The relationship between hospital resource allocation and clinical efficiency is poorly understood. Within the single-payer healthcare system in Ontario, Canada, the association between hospital spending patterns and length of stay was studied using data from 1 117 090 patient discharges in 1997/8 at 162 of 171 acute care hospitals. A weighted regression model was created using an overall hospital length of stay index (actual length of stay divided by predicted length of stay) as the dependent variable. Control variables included: hospital size, teaching activity, occupancy rate, rural location and geographic region. Four independent spending variables were defined as a percentage of total hospital spending: nursing, ambulatory care, administration and support, and diagnostics and therapeutics. The reduced regression model had an r-squared of 0.45. Across all spending variables, hospitals spending relatively too little or too much had significantly longer length of stay. Hospitals' overall pattern of resource allocation was also significantly associated with length of stay. Thus, measurable clinical effects can be seen with resource allocation decisions made by hospital management, supporting the need for rigorous decision-making processess. Future research should focus on exploring the nature of this relationship and the potential interdependencies among hospital services that cause this effect.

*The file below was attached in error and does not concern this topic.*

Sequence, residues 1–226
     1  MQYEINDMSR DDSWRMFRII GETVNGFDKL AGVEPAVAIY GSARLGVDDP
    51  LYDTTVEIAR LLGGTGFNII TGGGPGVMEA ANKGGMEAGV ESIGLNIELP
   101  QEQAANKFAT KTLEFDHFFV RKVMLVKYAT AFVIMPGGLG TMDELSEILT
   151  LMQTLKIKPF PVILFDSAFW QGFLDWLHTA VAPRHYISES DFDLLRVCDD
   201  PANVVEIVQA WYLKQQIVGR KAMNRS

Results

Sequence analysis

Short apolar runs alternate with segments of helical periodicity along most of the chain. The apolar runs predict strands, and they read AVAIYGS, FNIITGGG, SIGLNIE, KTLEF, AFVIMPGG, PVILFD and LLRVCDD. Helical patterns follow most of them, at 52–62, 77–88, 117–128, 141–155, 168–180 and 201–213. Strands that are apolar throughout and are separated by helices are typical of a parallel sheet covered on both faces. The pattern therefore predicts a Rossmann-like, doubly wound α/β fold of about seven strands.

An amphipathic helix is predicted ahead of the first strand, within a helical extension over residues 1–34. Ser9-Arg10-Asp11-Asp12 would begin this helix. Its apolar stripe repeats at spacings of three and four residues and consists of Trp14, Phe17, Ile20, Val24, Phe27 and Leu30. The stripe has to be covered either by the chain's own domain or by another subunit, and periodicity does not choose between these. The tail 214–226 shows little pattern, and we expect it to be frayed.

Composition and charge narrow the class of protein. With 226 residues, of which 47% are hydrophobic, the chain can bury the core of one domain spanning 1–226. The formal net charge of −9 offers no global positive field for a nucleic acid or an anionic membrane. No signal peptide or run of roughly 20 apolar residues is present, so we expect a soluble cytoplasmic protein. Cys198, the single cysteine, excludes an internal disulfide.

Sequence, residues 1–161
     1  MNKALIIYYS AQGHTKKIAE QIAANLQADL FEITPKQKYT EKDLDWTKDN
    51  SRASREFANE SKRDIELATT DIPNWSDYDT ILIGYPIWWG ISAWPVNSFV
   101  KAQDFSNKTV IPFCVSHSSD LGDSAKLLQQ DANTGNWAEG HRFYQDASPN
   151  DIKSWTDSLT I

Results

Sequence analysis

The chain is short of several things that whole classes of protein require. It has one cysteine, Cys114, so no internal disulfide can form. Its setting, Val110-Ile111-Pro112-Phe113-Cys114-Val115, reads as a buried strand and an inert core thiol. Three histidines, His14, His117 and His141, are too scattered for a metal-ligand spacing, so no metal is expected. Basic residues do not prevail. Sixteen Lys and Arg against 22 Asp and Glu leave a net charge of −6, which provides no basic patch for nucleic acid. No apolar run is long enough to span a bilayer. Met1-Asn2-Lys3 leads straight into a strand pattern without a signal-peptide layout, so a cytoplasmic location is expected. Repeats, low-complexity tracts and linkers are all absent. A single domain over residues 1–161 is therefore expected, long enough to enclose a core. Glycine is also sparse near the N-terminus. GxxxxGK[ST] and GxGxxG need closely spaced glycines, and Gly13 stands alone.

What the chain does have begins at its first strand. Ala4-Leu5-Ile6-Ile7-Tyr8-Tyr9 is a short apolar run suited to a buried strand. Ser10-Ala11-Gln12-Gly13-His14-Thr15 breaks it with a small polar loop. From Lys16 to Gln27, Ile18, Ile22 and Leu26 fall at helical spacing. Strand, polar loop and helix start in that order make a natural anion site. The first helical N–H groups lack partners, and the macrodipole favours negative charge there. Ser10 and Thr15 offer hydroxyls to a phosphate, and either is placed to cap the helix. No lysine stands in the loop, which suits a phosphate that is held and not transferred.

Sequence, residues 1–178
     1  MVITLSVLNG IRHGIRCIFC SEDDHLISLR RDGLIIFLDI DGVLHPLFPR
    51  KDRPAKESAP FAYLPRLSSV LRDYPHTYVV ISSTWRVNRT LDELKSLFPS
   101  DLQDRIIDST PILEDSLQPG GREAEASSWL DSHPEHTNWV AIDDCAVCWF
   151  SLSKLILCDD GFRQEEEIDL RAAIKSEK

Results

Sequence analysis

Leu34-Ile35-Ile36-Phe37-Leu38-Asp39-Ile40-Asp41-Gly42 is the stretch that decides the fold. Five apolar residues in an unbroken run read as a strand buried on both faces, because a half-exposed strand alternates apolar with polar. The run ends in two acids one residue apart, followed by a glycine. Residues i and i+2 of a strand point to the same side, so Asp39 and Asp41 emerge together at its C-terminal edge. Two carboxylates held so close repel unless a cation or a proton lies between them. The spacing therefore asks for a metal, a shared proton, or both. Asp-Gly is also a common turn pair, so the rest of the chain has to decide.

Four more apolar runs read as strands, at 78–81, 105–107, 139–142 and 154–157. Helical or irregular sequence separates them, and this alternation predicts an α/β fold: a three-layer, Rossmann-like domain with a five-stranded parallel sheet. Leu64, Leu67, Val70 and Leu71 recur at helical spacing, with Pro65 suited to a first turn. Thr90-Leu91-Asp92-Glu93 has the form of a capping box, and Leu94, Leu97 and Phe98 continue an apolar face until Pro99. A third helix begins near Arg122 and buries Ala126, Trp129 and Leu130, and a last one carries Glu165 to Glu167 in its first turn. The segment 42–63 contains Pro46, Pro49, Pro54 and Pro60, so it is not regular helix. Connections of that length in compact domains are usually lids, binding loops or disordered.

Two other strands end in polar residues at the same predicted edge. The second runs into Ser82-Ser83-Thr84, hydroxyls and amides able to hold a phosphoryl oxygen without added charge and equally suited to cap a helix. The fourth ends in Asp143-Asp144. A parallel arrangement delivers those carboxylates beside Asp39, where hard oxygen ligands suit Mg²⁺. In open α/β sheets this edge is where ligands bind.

ASJC Scopus subject areas
- Health Policy